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Divorce & Family Law This forum is for discussing any of the legal issues involved in your divorce.

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  #41 (permalink)  
Old 09-06-2017, 09:49 AM
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Thanks for the suggestion ensorcelled.

I think 2-2-3 would work best because they won't go longer than three days without seeing myself or my ex. I also like that over a two week period, the days remain the consistent.

What alternatives did you consider when you were at this point?
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  #42 (permalink)  
Old 09-06-2017, 12:44 PM
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Quote:
Originally Posted by Whoknew View Post
Thanks for the suggestion ensorcelled.

I think 2-2-3 would work best because they won't go longer than three days without seeing myself or my ex. I also like that over a two week period, the days remain the consistent.

What alternatives did you consider when you were at this point?
We just fell into it, to be honest. My child's father has a lot of activities towards the end of the week and my work is always busy on Monday and Tuesdays and I'm there until 8pm somedays. Our child's homework assignments always are due on Fridays and well, he's not the best at getting those done

In our agreement we have a bunch of things that we flout all the time. I remember reading somewhere that if you go to court people are more likely to be 'strict to the letter' of their agreements and that would drive me batty. I was pregnant this summer and not able to take a vacation with our son so I will do so in November and homeschool him for two weeks while we are away. Life (for me) just isn't that structured but I think it's easy for me to say that as I'm a very organised person. My ex needs more structure and boundaries. He changed jobs, for example, and 'forgot' to tell me. When I tried to reach him for something his old admin assistant was like 'Ughh...he doesn't work here anymore!' I had to (gently) remind him of the line and paragraph of our separation agreement which we agreed to disclose those and that we need certain amounts of information in case of emergancy and he was like, 'Oh yea..sorry, slipped my mind'
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  #43 (permalink)  
Old 09-06-2017, 12:59 PM
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There are two kinds of parents:
  • involved parents who put in serious effort to look after their children's welfare
  • uninvolved parents who have other people to look after their children's welfare
There are two kinds of exes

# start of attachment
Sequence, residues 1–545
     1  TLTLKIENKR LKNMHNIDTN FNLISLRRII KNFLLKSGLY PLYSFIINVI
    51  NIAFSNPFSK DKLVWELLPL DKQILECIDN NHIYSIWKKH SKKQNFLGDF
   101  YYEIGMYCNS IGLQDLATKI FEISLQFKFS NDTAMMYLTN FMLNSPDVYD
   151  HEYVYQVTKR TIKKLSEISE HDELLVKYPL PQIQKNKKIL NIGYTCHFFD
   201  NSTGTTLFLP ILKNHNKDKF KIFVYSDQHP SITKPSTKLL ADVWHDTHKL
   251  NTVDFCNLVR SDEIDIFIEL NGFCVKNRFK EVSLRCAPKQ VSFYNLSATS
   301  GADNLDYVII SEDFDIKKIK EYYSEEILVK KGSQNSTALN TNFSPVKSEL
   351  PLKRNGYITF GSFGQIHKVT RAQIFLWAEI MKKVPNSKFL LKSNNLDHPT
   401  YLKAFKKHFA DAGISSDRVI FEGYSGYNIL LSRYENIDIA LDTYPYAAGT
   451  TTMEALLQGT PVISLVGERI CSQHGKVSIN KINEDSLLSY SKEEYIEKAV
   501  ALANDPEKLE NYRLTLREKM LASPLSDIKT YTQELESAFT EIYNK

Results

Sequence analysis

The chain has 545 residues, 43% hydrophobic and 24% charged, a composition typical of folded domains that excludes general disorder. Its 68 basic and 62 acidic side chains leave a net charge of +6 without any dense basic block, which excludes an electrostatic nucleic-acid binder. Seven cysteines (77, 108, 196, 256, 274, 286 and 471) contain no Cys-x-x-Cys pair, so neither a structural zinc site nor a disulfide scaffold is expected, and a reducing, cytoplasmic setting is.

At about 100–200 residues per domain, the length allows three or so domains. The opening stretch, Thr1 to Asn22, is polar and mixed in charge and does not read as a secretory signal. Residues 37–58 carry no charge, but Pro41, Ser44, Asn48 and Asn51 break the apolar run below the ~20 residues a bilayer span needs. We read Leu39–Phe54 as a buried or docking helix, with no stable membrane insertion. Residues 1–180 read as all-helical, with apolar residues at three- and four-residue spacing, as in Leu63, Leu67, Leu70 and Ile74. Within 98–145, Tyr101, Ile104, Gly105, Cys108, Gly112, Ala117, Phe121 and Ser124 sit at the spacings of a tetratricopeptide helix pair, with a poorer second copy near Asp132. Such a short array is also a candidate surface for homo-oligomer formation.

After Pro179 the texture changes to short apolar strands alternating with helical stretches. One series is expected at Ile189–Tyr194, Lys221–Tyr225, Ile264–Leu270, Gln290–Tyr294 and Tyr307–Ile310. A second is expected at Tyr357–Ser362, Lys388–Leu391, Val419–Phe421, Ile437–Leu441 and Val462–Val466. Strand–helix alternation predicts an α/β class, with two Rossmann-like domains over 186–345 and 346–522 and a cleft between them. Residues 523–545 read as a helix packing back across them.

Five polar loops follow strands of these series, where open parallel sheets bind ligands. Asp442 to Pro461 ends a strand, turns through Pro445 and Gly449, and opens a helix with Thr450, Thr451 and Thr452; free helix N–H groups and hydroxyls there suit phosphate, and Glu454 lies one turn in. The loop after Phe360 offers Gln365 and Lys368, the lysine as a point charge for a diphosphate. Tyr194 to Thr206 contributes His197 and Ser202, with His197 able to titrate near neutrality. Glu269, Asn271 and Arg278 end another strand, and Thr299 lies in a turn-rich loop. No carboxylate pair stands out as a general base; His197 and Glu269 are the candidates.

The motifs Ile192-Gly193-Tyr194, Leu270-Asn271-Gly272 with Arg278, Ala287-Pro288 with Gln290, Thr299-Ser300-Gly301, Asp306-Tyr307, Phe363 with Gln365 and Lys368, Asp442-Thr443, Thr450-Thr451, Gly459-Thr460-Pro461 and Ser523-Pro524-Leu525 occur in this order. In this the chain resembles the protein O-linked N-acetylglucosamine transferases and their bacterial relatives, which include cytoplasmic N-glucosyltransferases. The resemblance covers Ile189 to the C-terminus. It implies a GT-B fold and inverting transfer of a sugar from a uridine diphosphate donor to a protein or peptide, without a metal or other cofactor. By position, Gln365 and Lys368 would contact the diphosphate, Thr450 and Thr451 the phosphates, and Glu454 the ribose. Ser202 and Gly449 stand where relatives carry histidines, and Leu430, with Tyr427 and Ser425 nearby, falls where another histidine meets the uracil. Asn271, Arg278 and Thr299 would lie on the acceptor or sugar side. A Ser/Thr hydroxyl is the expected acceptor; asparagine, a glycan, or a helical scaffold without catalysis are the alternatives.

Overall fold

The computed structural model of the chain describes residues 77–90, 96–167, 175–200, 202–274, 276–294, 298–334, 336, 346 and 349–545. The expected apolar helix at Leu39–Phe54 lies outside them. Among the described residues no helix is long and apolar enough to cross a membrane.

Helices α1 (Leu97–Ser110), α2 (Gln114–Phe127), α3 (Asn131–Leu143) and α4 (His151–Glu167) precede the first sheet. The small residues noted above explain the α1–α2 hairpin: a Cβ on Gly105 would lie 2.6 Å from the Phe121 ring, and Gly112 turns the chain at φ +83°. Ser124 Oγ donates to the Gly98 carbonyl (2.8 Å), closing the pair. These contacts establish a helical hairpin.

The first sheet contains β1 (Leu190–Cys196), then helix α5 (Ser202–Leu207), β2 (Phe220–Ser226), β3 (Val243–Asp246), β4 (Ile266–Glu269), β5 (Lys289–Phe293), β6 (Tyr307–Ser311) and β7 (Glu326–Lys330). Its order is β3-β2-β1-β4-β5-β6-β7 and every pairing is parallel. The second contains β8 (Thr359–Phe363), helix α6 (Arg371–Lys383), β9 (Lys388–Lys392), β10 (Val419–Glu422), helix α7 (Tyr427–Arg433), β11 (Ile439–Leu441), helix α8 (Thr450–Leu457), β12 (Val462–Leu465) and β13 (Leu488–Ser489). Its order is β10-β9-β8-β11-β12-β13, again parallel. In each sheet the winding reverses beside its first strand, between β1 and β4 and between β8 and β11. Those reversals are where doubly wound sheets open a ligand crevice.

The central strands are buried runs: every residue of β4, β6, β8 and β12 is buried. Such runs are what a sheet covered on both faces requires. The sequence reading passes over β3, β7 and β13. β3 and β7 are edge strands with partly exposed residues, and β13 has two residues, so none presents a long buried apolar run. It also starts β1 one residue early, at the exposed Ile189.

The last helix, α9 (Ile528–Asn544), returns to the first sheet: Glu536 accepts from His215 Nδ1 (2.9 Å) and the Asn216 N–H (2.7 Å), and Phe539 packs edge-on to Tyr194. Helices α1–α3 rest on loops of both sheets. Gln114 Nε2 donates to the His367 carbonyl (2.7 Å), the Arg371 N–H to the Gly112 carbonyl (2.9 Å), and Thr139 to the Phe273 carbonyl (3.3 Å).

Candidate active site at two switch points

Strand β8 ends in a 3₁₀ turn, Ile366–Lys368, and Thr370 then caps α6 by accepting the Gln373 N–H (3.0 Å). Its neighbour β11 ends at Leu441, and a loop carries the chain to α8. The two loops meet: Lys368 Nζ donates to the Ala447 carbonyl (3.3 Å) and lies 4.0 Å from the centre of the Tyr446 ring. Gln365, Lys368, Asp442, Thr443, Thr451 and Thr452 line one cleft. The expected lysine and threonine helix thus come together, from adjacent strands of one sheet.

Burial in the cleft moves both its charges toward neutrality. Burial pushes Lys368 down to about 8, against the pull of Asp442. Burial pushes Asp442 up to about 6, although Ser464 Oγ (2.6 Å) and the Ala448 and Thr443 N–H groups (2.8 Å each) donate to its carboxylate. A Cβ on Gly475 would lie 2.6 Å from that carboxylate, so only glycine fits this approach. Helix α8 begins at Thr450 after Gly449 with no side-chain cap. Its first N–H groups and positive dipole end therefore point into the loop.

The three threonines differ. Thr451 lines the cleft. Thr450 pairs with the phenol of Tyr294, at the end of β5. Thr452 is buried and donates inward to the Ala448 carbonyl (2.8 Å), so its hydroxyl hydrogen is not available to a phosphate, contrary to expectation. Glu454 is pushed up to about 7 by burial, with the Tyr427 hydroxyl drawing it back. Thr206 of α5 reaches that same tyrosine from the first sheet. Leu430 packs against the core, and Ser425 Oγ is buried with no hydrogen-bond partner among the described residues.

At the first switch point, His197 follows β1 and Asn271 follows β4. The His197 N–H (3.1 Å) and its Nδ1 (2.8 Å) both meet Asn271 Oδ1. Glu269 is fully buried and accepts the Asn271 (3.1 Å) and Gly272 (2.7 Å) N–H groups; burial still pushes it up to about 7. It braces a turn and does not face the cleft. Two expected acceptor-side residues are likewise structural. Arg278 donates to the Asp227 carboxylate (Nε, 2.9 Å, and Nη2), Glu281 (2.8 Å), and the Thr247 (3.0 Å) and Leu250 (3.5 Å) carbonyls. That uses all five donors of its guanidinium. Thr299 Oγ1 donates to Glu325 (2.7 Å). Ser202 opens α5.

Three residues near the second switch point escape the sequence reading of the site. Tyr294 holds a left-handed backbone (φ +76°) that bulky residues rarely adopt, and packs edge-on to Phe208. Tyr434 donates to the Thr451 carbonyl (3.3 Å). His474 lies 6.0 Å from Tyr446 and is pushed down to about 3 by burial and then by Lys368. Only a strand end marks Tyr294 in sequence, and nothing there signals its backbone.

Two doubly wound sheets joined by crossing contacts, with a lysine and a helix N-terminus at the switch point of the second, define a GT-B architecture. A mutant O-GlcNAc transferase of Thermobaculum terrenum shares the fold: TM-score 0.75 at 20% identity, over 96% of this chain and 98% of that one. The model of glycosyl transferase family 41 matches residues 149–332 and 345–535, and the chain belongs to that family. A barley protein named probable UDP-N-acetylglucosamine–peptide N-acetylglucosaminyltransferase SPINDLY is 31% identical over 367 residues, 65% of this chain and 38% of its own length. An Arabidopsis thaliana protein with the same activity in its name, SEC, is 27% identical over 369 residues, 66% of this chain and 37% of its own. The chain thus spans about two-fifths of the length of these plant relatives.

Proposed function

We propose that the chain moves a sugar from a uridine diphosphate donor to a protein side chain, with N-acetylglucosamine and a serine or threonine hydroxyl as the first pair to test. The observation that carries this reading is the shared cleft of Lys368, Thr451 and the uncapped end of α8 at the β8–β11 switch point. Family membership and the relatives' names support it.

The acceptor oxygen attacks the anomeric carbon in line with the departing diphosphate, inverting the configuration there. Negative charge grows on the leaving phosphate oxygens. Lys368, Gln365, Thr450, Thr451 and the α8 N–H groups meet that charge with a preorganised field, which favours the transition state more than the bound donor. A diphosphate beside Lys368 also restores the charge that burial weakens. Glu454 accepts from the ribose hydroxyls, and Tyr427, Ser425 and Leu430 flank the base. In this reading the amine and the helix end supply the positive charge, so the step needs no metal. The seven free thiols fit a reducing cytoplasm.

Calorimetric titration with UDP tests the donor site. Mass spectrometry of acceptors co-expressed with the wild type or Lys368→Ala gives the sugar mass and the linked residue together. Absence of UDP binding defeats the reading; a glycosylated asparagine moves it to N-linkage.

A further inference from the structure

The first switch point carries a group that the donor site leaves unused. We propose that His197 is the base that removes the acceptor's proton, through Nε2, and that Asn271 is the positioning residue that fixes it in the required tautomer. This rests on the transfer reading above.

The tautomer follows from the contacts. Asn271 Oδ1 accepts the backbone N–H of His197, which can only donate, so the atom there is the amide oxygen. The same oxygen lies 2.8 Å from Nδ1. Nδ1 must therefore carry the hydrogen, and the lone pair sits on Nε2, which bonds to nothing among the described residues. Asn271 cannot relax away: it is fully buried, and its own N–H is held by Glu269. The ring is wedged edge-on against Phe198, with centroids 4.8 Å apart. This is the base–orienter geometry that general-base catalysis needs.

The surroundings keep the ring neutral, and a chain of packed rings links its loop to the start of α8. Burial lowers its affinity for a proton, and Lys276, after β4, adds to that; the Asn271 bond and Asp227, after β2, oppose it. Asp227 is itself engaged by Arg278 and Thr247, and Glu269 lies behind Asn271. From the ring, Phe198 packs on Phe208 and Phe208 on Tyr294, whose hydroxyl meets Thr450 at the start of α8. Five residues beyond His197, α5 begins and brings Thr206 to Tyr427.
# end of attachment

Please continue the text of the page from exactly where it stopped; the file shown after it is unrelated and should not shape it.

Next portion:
• reasonable exes who want the break to be clean and fair to everyone
  • unreasonable exes who want to have everything
Obviously it's more of a spectrum than a black/white division, but let's go with extremes to illustrate my point.

Upon a split, they combine in different ways.

Two involved parents who are reasonable exes want 50-50 and will cooperate well to achieve it, without seeing court.

Two uninvolved parents who are reasonable exes will probably also end up with 50-50.

Involved parents who are unreasonable exes want 100 or as close to it as possible. Unless the other parent is a reasonable ex / uninvolved parent, this won't happen.

Two unreasonable/uninvolved people will fight to the bitter end and the children will suffer terribly caught in the middle.

There are more combinations (10 total, says math) but you get the picture.

Clearly, you have an involved/unreasonable ex to deal with.

What is going on in your case is that you were an uninvolved parent when you were the breadwinner with a stay-at-home partner. Now that you no longer have the stay-at-home partner, you are trying to switch to being an involved parent, and your ex is having none of it. Possibly because she's built her whole identity around being a stay-at-home parent, possibly because she's lazy and doesn't want to switch to being a breadwinner as well, possibly because she's unconvinced of your sincerity, who knows?

If you can guess her reasons, that may help with your negotiations though.

If she doubts your sincerity about suddenly becoming an involved parent, pointing out that you have support people to help you out will not be very useful. She'll just feel you want to take the children away from her to give to other people.

If she's built her whole identity around being a stay-at-home parent, that's her own psychological problem to deal with, and shouldn't affect your desire to spend time with your own children. The graduated schedule would be to help HER adjust, not the children, so you need to find things to promote that she could do with her time. You could suggest she take a retraining course to help her return to the workforce and that your parenting time would be the days she has classes.

The important point here is that things change upon a relationship breakdown. The children's time must be divided, as the parents are no longer experienced together. A stay-at-home parent must return to the workforce and young children will likely need daycare. It's unreasonable for your ex to expect her life to remain the same except with no longer seeing you evenings and weekends.

I'm wondering, however, if you may keep in mind something like 50-50 time for overnights, so CS is offset, but she gets two years of SS and looks after the children during the daytime when you are working. So you would bring the child who is not in school to her as though she was a daycare. Then, when both children are in school, you have perfectly normal 50-50, SS ends, and she presumably finds employment. It approximates the plan you both had, had the relationship not ended.